Nursing is not so natural

Why does everyone always say breastfeeding should come naturally?

My daughter is a week old and I’ve already visited with three lactation consultants, received a prescription for healing cream and returned to the hospital to use an electric pump. I still wince in pain every time my daughter starts her next meal.

I honestly don’t know how women do it who don’t have access to lactation experts who have helped me tremendously to improve the way my daughter latches on and to give me tips on how to ease the pain of these initial days of breastfeeding. I nursed my first daughter until she was 14 months old, so you’d think I would be an old hand at this by now.

One of the nurses who helped me this week said she thinks understaffed hospitals are partly to blame for not giving new moms enough one-on-one coaching time when it comes to breastfeeding. New moms leave the hospital with sore nipples, hungry babies and no idea how to make things better. And with a culture that makes moms feel like a failure if they can’t figure out motherhood on their own, these frustrated moms give up on breastfeeding.

It’s no wonder that the number of breastfeeding moms drops by almost half in the first six months, according to the Centers for Disease Control and Prevention. Nearly 74 percent of new moms breastfeed at the beginning, but that number drops to 43 percent at six months and 22 percent at 12 months. The percent of exclusively breastfed babies is even lower, with 33 percent breastfed at three months and 13 percent at six months.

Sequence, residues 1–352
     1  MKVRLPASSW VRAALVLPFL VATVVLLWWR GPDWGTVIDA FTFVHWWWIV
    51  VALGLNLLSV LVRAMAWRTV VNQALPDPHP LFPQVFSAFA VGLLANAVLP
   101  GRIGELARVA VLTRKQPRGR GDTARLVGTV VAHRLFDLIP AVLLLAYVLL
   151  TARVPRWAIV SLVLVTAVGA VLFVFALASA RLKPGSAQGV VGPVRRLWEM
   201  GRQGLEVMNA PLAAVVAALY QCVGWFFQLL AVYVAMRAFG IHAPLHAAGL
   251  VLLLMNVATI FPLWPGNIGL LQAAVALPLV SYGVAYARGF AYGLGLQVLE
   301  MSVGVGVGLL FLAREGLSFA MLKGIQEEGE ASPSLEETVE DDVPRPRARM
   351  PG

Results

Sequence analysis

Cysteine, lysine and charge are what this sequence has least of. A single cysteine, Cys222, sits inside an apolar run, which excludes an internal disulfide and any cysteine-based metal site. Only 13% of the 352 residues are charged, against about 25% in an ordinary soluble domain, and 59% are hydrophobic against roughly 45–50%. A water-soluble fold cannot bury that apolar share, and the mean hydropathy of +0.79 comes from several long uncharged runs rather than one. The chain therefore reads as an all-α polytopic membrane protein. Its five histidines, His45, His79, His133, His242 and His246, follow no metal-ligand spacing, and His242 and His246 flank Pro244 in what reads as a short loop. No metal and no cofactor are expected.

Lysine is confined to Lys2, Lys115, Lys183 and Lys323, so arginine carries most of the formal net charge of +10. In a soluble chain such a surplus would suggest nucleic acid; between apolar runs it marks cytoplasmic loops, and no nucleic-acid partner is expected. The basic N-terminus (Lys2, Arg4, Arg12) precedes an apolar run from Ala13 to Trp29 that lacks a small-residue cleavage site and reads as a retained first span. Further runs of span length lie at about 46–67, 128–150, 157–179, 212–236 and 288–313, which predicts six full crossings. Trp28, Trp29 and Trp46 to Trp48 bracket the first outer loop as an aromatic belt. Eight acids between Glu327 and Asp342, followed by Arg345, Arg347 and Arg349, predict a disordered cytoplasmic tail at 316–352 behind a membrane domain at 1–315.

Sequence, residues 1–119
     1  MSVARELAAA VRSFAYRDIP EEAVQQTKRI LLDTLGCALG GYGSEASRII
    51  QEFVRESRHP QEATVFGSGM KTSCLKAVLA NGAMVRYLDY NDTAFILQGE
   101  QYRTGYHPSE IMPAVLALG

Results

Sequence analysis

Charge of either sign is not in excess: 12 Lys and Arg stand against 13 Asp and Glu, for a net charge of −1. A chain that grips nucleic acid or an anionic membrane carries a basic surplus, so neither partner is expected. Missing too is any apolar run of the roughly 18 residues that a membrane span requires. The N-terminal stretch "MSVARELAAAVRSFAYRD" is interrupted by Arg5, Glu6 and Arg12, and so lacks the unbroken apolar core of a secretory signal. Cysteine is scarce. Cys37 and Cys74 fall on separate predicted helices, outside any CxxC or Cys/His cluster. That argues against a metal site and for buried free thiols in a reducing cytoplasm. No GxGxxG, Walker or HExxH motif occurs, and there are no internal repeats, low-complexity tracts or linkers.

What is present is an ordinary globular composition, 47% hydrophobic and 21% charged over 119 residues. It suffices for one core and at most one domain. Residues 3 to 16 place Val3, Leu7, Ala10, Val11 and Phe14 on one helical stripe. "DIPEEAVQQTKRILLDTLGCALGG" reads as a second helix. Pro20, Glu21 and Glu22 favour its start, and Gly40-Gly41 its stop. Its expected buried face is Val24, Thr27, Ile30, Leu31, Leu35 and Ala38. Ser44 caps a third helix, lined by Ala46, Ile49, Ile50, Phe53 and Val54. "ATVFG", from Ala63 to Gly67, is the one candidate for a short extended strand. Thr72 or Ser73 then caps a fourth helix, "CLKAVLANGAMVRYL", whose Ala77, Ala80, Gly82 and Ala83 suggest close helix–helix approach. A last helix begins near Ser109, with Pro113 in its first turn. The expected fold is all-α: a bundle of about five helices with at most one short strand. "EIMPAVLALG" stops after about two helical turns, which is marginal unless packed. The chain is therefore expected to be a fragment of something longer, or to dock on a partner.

It’s a shame that women give up because once those first few weeks of frustration are over, it does get better. I know the pain will go away and I’ll be left with wonderful memories of nursing my child and giving her a gift that only I can give.

Why do you think some women give up on breastfeeding? Did nursing come naturally to you or did you have to work to get it right?

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